This is one of those recipes that only makes sense with local produce. When "sparrowgrass" (English dialect variation, courtesy of my husband) is in season we eat this at least once a week; for the rest of the year, we just dream of it. Measurements are approximate and depend on the thickness of your asparagus. But you should be left with whole, perfectly cooked spears, glazed with their butter-enriched juices. —ying
asparagus, washed and trimmed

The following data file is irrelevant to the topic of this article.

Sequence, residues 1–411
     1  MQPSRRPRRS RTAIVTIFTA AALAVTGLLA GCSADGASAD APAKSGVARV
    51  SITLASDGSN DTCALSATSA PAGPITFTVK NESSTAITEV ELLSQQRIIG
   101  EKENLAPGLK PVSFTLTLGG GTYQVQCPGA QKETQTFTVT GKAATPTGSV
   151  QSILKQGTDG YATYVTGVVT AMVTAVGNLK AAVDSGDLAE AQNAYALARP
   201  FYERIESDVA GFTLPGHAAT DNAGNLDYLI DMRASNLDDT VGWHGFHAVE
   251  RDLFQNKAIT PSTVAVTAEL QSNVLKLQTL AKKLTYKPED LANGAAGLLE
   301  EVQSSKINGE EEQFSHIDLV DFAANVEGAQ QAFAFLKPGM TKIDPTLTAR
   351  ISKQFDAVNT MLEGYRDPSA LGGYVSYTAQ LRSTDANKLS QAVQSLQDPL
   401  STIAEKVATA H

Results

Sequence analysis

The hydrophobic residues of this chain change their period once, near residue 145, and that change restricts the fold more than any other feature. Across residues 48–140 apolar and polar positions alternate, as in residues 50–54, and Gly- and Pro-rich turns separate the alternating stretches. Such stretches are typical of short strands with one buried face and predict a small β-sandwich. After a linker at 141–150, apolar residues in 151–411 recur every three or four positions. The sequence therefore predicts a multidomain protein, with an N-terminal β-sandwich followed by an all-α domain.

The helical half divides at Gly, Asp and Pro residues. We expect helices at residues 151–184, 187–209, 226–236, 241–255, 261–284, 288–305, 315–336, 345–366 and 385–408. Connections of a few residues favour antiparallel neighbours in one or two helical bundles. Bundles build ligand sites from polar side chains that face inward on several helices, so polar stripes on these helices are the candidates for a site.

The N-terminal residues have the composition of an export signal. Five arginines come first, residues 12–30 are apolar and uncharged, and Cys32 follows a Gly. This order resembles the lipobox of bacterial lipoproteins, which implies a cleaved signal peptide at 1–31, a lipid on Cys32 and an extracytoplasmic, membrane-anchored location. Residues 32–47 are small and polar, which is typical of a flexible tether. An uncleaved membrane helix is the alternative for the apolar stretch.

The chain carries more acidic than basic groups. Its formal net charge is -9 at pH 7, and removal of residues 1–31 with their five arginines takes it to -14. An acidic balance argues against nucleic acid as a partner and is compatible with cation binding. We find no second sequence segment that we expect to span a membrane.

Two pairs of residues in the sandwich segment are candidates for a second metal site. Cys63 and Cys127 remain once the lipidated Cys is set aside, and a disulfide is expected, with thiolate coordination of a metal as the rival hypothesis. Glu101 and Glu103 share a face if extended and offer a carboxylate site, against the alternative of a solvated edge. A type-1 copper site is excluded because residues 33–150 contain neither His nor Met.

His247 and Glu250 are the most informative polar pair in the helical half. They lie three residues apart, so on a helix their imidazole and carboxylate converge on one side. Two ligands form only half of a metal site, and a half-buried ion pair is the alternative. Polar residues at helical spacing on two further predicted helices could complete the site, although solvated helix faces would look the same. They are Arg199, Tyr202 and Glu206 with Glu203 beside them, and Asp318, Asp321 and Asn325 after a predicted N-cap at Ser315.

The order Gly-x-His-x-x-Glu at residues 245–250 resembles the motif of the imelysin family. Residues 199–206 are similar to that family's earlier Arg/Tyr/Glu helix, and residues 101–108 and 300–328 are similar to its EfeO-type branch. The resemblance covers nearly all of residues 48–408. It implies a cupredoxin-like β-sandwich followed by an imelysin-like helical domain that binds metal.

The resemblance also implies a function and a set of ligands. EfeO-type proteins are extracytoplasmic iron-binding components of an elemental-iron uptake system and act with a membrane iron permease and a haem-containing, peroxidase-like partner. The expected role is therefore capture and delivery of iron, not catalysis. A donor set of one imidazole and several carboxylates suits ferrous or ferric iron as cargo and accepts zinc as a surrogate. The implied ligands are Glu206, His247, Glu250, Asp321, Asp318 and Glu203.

In This Recipe
Place the asparagus in a single layer in a large saute pan. Add water to the depth of 1/3 the thickness of the stalks. Pop in the butter, sprinkle with a pinch or two of sea salt, cover the pan, and bring the water to a lively simmer.
Uncover the pan and cook the asparagus just until tender-crisp, turning the stalks once. When the asparagus is ready, you should have about 2 tablespoons of pan juices remaining. (If there is more, fish out the asparagus, keep it warm, and reduce the liquid accordingly.) Serve the sparrowgrass drizzled with its buttery juices.